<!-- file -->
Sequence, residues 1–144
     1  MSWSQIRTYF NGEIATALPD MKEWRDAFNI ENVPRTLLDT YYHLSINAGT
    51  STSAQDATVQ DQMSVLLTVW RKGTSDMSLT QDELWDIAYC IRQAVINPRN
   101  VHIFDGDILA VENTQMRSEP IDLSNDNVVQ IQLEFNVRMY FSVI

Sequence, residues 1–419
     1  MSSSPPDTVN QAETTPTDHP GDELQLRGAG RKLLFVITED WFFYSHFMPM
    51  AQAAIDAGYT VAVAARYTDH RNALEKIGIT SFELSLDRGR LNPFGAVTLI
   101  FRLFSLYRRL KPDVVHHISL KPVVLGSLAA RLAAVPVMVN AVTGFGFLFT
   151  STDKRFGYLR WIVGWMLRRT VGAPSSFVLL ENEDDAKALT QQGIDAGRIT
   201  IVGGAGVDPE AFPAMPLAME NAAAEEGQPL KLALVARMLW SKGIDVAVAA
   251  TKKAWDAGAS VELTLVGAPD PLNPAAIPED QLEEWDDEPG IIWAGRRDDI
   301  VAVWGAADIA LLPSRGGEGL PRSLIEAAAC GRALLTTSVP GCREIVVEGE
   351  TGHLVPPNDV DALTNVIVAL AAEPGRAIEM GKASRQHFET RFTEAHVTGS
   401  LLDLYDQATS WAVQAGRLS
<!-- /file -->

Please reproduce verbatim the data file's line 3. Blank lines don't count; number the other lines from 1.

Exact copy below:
    51  STSAQDATVQ DQMSVLLTVW RKGTSDMSLT QDELWDIAYC IRQAVINPRN